by Marlene Schoenberg, Ed.M. CCC-SLP
In Segment 1, we discussed preparing for teletherapy sessions. In Segment 2 , I shared how to be more effective during each session. Then, in Segment 3, I elaborated on technical problem solving. If you missed any of these segments, I encourage you to go back to the blog and check out these useful lists and discussions.
For our last part, Segment 4, I will include:
- Debriefing and Follow-Up
- Self-care for the Speech-Language Pathologist/Occupational Therapist
Debriefing and Follow-Up
- Homework. Send worksheets between sessions. Email, text or snail mail. It is also fun for students to receive sticker rewards in the mail.
- Confer about plans for the next session. After a difficult session, brainstorm with the caregiver about what you could do differently next time.
Self-Care for the Speech Pathologist/Occupational Therapist
- Conserve your voice. Think how your throat feels if you are straining or speaking too loudly. Tape yourself for audio feedback.
- Monitor your fatigue level. Yoga stretching and a short rest with quiet music, for even 5 minutes, can make a difference.
- Give yourself a voice break between students. After I work with 2 teletherapy clients in a row for intense preschool “theratainment”, I need a cup of tea and some breathing activities to re-center my voice.
Before 3 months ago, I had occasionally done distance learning activities in my adult practice. Now I can add teletherapy with children to my strategic tool chest for helping improve communication skills. You may be doing up to 7 teletherapy sessions in a day now. Think about the gas money you are saving, the traffic jams you are avoiding and the dangerous winter ice and snow conditions that you are no longer have to deal with!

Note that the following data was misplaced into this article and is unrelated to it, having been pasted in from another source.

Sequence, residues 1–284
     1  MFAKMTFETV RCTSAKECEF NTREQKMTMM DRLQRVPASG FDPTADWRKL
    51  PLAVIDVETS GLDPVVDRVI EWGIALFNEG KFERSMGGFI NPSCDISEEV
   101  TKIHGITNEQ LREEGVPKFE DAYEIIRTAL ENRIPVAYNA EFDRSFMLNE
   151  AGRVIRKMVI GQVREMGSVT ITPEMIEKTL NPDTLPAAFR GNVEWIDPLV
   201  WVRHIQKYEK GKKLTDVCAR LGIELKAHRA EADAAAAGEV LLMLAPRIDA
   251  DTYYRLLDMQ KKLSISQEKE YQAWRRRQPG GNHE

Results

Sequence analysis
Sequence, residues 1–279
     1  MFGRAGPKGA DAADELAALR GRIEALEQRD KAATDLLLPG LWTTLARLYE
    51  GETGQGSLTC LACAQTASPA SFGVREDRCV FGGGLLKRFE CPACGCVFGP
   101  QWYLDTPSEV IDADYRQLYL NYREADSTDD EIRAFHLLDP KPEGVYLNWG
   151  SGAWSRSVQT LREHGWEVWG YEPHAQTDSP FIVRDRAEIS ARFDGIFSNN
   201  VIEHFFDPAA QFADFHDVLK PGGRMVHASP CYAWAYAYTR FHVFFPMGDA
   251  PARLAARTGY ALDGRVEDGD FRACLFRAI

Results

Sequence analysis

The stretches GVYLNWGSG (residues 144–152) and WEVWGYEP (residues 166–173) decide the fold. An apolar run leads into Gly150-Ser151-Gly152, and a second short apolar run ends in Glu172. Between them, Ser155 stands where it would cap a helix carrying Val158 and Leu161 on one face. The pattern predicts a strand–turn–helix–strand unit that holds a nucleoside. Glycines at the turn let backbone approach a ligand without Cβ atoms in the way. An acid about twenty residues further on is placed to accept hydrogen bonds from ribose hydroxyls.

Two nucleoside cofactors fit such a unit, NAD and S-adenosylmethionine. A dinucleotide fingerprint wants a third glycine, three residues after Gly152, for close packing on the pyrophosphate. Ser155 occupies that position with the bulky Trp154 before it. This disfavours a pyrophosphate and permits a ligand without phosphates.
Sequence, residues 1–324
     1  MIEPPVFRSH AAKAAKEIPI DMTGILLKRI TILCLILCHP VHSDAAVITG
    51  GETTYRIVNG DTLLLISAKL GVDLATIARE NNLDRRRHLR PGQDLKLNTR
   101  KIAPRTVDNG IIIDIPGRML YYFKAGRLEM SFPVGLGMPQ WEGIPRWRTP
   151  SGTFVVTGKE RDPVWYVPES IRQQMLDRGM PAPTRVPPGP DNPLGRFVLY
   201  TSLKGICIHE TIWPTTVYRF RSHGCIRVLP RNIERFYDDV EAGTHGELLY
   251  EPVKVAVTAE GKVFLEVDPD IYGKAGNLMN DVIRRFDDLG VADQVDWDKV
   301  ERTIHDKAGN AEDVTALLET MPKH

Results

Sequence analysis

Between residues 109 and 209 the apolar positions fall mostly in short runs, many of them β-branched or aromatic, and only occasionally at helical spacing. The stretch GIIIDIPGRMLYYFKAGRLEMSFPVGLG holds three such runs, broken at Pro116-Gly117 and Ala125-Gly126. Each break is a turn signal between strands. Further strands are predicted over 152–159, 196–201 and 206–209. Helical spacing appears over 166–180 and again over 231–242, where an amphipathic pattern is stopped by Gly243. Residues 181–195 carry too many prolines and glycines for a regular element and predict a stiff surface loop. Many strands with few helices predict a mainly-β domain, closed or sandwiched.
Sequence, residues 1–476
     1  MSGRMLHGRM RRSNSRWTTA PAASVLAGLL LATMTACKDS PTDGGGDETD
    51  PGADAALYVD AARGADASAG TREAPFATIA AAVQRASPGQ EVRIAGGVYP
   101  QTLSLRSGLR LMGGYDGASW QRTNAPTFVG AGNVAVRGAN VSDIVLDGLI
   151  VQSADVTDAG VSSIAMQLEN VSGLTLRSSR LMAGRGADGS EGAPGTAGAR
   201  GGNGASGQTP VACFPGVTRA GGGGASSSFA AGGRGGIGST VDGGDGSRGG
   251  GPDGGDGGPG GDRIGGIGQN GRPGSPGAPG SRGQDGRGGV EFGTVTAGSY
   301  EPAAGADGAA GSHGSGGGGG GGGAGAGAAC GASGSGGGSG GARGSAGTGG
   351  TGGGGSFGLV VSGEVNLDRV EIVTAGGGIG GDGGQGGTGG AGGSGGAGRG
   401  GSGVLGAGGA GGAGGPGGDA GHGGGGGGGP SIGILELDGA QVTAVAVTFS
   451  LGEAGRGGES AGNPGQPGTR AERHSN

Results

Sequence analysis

I did not intentionally choose to be a full time teletherapy speech-language pathologist, but current circumstances chose me. I have risen to the occasion and I am in a new professional growth phase and “zooming”. I hope my experiences and suggestions will help propel you forward too.
You can overcome tech glitches with check lists while maintaining self-composure. You can calm down children who become dysregulated (with a little help from caregivers). You can use humor, joyful interactions and new knowledge to creatively reach your clients’ therapy goals on line. Give it a try!
Mark Twain once said, “If you think you can or you think you can’t. You are right!”
Upper Elementary – HS
Uno on line
Crossword puzzles at different levels
Quiz Show: “Are you Smarter than a 5th Grader?”
(Newer version- 25 Words or Less)
Games to Enlarge for Video Therapy
Books for Preschoolers- Grade 1
Arnold, Tedd, Fly Guy (series), Scholastic, N.Y., 2005
Carle, Eric, The Very Hungry Caterpillar, 1969
Raffi and Wolff, Ashley, Baby Beluga, Crown Publishers,
Dr. Seuss, ABC, Green Eggs and Ham, Cat in the Hat, Fox
on Sox, I Can Read Beginning Books, N.Y. 1960
Smith, Craig, The Wonky Donkey, Scholastic, N.Y. 2009
Timms, Jean, My Head to Toe Book, Golden Sturdy Books,
Lessonpix.com ( for pictures, vocabulary and lesson
General Conversation Apps/ Giving and
My Play Home
My Play School
Puppet Knowledge/ Creativity
Jim Henson, Sesame Street
Randell Monson, creativelyspeaking.com
Music and Songs
Rachael Arneson, Talk it Rock it. (old site Kid’s
Kids Can talk, Talking Time admin@kidscantalk
Songs on Youtube
Laurie Berkner’s Greatest Hits
Peter, Paul and Mary (Kids’ Album: Peter, Paul
Ukulele Storytime, Rose Oyamot- Youtube Station
(Librarian, Highland Park Branch, St. Paul
Public Library, ukulele instructor)
Zones of Regulation, Web site: Crisis
Stevie Ray, Minneapolis MN.
Improv 4 Kids website
TV Show- “Whose Line is it Anyway?” (with Drew Carey)
Hough, Karen, , The Improv Edge, Berrett-Koebler, San Francisco, 2011
Christine Mignogna, Winged Heart Yoga
Humor and Laughter Yoga, laughteryoga.org
King, Brian, Workshop on Humor, Laughter and Health,
Institute of Brain Potential